1. Not taking the planning process seriously
Writing a business plan just to “tick the box” and have a pile of paper to hand to a loan officer at the bank is the wrong way to approach business planning. If you don’t take the business planning process seriously, it’s going to show that you don’t really care about your business and haven’t really thought through how your business is going to be successful.
Instead, take the time and use the planning process to strengthen your understanding of how your business will be successful. It will improve your chances with lenders and investors and help you run a better business in the long run.
2. Not having a defined purpose for your business plan
Why are you writing a business plan? Is it to raise money? Are you just trying to get your team on the same page as you so they understand your strategy? Or are you planning a new period of growth? Knowing why you are writing a business plan will help you stay focused on what matters to help you achieve your goals, while not wasting time on areas of the plan that don’t matter for what you’re doing. For example, if you’re writing an internal business plan, you can probably skip the sections that describe your team.
3. Not writing for the right audience
When you’re putting together your business plan, make sure to consider who your readers are. This is especially important for businesses that are in the technology and medical industries . If your audience isn’t going to understand the specialized vocabulary that you use to describe your business and what you do, they aren’t going to be able to understand your business. On the other hand, if your audience is going to be all industry insiders, make sure to write in the language that they understand.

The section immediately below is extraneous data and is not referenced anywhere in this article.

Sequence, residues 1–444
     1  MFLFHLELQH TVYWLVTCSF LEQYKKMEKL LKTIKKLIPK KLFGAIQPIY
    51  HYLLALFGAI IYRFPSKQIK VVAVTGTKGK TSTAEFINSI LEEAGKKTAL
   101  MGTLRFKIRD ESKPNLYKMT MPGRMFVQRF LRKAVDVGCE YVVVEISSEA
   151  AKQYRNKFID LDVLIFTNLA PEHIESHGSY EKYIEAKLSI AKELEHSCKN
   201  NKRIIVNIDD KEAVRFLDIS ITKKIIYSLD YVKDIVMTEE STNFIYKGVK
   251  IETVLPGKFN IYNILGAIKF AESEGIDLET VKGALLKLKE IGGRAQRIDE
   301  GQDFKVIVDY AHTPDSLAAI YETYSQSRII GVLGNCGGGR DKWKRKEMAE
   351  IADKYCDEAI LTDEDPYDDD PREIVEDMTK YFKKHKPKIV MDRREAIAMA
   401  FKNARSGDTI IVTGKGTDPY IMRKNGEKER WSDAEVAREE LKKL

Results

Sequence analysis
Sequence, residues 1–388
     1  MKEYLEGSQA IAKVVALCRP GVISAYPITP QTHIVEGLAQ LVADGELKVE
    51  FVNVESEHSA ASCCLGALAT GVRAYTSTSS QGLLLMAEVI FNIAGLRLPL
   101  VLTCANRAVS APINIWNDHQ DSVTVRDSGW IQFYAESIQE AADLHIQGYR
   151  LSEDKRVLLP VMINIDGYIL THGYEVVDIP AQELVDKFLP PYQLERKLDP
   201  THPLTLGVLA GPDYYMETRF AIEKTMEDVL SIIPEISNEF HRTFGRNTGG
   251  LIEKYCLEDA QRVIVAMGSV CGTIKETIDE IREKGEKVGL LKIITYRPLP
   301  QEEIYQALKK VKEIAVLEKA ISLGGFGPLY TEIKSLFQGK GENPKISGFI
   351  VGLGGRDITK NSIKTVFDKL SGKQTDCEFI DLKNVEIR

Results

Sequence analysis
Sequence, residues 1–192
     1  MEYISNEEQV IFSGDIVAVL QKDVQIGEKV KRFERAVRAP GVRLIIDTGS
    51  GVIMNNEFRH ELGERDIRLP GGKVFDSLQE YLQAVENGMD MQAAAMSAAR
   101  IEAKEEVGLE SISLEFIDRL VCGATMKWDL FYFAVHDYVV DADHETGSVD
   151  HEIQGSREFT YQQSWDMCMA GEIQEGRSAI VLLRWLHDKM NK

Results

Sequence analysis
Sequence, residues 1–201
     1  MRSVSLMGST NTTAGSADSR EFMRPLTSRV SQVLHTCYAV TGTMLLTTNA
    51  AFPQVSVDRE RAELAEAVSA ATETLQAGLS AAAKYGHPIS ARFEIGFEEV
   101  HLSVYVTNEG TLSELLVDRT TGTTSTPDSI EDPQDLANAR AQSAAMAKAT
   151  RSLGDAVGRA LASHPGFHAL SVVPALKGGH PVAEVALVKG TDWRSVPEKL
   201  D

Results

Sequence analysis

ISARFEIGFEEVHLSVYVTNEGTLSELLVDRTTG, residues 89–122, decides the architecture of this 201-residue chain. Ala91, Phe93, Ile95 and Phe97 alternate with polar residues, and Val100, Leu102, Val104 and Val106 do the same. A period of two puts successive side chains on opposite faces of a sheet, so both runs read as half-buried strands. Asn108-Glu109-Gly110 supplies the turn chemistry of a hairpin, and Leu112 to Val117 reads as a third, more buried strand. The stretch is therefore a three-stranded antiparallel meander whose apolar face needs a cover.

4. Writing a business plan that’s too long
Don’t write a book when you’re putting together your plan. Your audience doesn’t have time to spend reading countless pages about your business. Instead, focus on getting straight to the point and make your business plan as short as possible. Start with a one-page plan to keep things concise. You can always include additional details in an appendix or in follow-up documents if your reader needs more information.
5. Not doing enough research
You don’t need to spend endless time researching, but your business plan should demonstrate that you truly understand your industry, your target market, and your competitors. If you don’t have this core knowledge, it’s going to show that you’re not prepared to launch your business. To keep things simple, start with this four-step process to make sure you cover your bases with an initial market analysis.
6. Not defining your target market
Don’t assume your products are for “everyone.” Even a company like Facebook that now truly does target “everyone” started out with a focus on college students. Make sure you take some time to understand your target market and who your customers really are. Investors will want to see that you understand who you are marketing to and that you’re building your product or service for a specific market.
7. Failing to establish a sound business model
Every business needs to eventually have a way to make money. Your business plan needs to clearly explain who your customers are, what they pay you, and have financial projections that show your path to profitability. Without a real business model , where income covers your expenses, it will be difficult to show that you have a viable path to success.
8. Failing to showcase current traction and milestones